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Township superintendent idea revisited



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July 27, 2011 - Independence Township Supervisor Dave Wagner missed the last seven regularly scheduled meetings due to illness, and a third of all meetings in 2010.

He still receives his full salary of $78,248 per year, as well as car allowance of $600 a month and other benefits.

Trustee Neil Wallace, one of several candidates to advocate for a township superintendent in 2008, was asked if it was time to revisit the professional-manager idea.

"The events since 2008 confirmed that having an organization as large and complex as the township managed day to day by the person who just happens to get the most votes in the primary is not wise," Wallace said. "He was even emboldened by it so that he engaged in corruptions, petty and not so petty, within days after the primary, then culminating in rarely being seen in township hall."

A township superintendent, who would have been hired by township board, would be fired for that, he said.

State law allows townships to hire a superintendent to administer departments, prepare budgets, and perform other day-to-day functions.

An elected supervisor works well for townships with population of about 10,000, but not for townships like Independence, with more than 30,000 residents, Wallace said.

"With over 100 employees and $1 billion in assessed value, you don't operate out of your back pocket you get the pros," he said.

If the 2008 election had gone the other way, the township's transition to a superintendent-type government would be complete by now. Options are limited at this time, with less than a year and a half until the entire board comes up for a vote, he said.

"We do not now have the time to restructure the government to address his failings or that he is missing in action, much less to find and hire and transition in a manager," Wallace said. "The real issue facing this community is more immediate, as we are without a supervisor for months now, for months yet into the future, and perhaps for the rest of this term. We have been working very hard and well to keep things working. But the township citizens deserve more, now."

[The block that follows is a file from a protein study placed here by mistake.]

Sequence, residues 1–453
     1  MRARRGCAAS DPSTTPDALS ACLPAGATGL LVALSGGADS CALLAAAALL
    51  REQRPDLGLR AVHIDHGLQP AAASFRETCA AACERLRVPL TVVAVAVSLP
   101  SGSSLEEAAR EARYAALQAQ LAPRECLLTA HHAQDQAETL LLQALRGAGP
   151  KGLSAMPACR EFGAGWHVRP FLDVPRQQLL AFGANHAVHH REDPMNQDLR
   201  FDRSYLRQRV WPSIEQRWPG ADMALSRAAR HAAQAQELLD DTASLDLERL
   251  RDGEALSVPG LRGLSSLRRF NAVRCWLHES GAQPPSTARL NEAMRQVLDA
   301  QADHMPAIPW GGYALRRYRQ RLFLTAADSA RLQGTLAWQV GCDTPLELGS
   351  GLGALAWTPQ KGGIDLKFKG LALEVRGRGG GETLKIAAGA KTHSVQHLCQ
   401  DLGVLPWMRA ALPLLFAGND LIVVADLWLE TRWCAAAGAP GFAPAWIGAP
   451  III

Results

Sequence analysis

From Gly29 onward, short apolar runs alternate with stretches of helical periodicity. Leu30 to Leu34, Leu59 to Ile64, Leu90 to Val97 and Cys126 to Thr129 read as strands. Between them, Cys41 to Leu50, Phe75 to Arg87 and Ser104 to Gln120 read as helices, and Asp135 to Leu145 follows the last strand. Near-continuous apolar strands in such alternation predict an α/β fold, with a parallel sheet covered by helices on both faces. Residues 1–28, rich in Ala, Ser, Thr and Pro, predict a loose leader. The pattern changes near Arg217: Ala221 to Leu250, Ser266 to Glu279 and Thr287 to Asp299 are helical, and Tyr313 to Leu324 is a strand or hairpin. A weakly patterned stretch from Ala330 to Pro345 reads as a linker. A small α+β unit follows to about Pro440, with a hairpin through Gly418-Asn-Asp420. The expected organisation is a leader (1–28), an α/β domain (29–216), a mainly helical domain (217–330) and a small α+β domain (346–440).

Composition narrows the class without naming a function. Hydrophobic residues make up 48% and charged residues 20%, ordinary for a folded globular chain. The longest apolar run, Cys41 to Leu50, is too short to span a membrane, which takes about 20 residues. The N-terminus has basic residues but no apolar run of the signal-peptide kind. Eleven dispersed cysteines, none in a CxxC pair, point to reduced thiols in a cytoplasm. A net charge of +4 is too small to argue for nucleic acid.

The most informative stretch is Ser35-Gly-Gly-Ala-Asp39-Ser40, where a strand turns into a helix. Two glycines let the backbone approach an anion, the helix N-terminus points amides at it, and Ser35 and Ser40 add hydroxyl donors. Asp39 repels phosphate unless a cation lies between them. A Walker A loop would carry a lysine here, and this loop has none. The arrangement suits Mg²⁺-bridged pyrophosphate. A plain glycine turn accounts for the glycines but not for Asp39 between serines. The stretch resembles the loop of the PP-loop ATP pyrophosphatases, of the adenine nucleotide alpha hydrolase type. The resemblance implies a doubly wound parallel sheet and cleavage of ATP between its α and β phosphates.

The rest of the board has been forced to fill the leadership vacuum, and has made improvements, he said.

"Our new human resources director (Carol Gabris) is very professional," he said. "Ken Elwert (parks and rec director) has worked out terrifically. The new clerk (Barb Pallota) is very professional. We have good day-to-day operations."

Also, the board changed rules in June 2009 to allow trustees to place items on meeting agendas previously, only the supervisor, clerk, and treasurer could do that.

"Before that, we were told to shut up and sit in a corner," he said.

Broadcasting township meetings on public access cable as well as the Clarkston News' ClarkstonTV.com has made a huge difference, he said.

"It's incredible how many people watch the show," he said. "People come up to me in the Union and Woodshop and want to comment it's very interactive. That's a good thing."

In 2008, proponents of a superintendent estimated its total cost at $140,000, based on Delta Township. Its cost would have been offset by making Independence Township's three fulltime offices, supervisor, treasurer, and clerk, into part time positions.

Wallace said he isn't planning another drive for township superintendent, and isn't sure if he will run for re-election next year.

"It is more important for now to focus on getting the right person, and not the wrong person, in office," he said.

Phil is editor for The Clarkston News. He is a veteran of the first Iraq war, having served in the U.S. Army.
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